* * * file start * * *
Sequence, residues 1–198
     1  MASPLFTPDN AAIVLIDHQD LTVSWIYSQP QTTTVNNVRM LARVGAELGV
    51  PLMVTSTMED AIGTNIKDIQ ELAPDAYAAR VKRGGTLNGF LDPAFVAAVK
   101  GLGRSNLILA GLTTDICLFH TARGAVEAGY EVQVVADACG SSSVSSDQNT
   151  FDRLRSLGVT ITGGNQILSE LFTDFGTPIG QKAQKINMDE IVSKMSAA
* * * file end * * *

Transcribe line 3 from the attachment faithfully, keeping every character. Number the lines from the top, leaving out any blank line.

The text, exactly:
    51  PLMVTSTMED AIGTNIKDIQ ELAPDAYAAR VKRGGTLNGF LDPAFVAAVK